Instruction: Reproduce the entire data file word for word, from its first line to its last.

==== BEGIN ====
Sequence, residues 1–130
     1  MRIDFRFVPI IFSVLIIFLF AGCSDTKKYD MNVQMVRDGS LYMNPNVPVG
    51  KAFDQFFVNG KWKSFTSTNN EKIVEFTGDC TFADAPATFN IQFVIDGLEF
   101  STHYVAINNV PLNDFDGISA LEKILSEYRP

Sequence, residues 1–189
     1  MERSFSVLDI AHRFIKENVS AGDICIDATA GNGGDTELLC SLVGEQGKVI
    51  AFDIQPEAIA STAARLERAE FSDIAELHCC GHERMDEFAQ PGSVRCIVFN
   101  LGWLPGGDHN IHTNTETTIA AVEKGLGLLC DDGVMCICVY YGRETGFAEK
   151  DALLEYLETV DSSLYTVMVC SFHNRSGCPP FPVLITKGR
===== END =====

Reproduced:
Sequence, residues 1–130
     1  MRIDFRFVPI IFSVLIIFLF AGCSDTKKYD MNVQMVRDGS LYMNPNVPVG
    51  KAFDQFFVNG KWKSFTSTNN EKIVEFTGDC TFADAPATFN IQFVIDGLEF
   101  STHYVAINNV PLNDFDGISA LEKILSEYRP

Sequence, residues 1–189
     1  MERSFSVLDI AHRFIKENVS AGDICIDATA GNGGDTELLC SLVGEQGKVI
    51  AFDIQPEAIA STAARLERAE FSDIAELHCC GHERMDEFAQ PGSVRCIVFN
   101  LGWLPGGDHN IHTNTETTIA AVEKGLGLLC DDGVMCICVY YGRETGFAEK
   151  DALLEYLETV DSSLYTVMVC SFHNRSGCPP FPVLITKGR